Okay, we just spent most of the book wondering about the price Julia paid for the magic she has, and exactly what she learned. She suffered a lot. She lost/gave up her biological family. She lived a pretty crappy live wandering alone (in every way that counts) between safe houses, learning magic without the safety and luxury Quentin and the others had at Brakebills. Then she lost her chosen family, the home she'd finally found. Apparently that's not enough, though. No, we get plot device rape for no good goddamned reason. I don't care if Reynard the Fox is a trickster. "SURPRISE! I'M AN ASSHOLE TRICKSTER FOX AND NOT THE GODDESS YOU WERE LOOKING FOR AND I'M IN UR HOUSE KILLIN UR LOVED ONES" is a more than sufficient trick. No, for some unfathomable reason, Julia needs to be raped (and the description of this goes on for the better part of two pages) in order to lose her humanity and be impregnated with demi-goddesshood, or something. Honestly, a far more interesting trick would have been for Reynard to agree that they'd paid the price and give Julia what she wanted, not telling her what it would cost her (her humanity, which Julia says she'd never have willingly given up). Grossman subverts cliche elsewhere, but for some reason felt fine including this one unexamined. I'm seriously disappointed. (less)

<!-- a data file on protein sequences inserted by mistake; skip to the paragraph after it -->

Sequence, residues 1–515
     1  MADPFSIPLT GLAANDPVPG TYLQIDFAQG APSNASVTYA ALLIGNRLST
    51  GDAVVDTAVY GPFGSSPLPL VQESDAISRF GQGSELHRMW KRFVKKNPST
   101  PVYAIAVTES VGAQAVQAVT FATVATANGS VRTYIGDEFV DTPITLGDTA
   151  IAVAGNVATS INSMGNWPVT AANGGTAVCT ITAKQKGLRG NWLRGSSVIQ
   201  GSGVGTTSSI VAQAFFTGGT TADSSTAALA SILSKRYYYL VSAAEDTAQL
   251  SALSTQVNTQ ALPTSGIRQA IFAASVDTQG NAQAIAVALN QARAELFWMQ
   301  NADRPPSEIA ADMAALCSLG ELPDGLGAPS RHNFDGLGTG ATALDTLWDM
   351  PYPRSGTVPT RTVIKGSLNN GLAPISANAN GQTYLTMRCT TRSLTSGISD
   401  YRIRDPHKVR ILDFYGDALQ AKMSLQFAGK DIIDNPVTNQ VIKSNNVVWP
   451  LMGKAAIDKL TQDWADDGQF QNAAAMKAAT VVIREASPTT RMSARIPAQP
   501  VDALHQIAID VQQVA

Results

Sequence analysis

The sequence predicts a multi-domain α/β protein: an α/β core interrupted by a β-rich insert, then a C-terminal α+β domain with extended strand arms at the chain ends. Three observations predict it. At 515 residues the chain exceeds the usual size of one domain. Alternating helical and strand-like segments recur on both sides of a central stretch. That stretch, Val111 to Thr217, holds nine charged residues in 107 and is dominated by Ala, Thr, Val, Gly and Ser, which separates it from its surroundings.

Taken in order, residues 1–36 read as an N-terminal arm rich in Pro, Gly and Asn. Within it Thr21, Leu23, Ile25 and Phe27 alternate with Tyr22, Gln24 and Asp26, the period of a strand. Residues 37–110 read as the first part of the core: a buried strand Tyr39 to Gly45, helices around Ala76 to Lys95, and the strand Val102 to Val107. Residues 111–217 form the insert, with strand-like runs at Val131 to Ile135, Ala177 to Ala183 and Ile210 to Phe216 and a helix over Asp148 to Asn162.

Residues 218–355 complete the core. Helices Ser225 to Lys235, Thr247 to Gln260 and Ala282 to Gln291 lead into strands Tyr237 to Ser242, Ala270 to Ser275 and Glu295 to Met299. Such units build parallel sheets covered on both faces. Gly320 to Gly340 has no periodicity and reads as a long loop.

I can't actually recommend this because there are so many problematic things going on here. That being said, it's entertaining and the crack value is...moreI can't actually recommend this because there are so many problematic things going on here. That being said, it's entertaining and the crack value is quite high. I do like that it deals pretty frankly with issues teens face, and the premise is entertaining-- vampire finishing school! I'm actually somewhat interested to see how the various mysteries develop. That being said, the slut shaming is really grating (though in character for many teens, and it's possible the characters will learn as they grow up a bit). And most of all, this is not a book I can recommend in terms of the depiction of people of color. I don't think that the depiction of the protagonist as part Cherokee was handled with knowledge and respect (see http://americanindiansinchildrenslite... for a detailed discussion of that, as well as some possible plagiarism). And pretty much every physical description of a person of color involves coffee drinks. Argh.(less)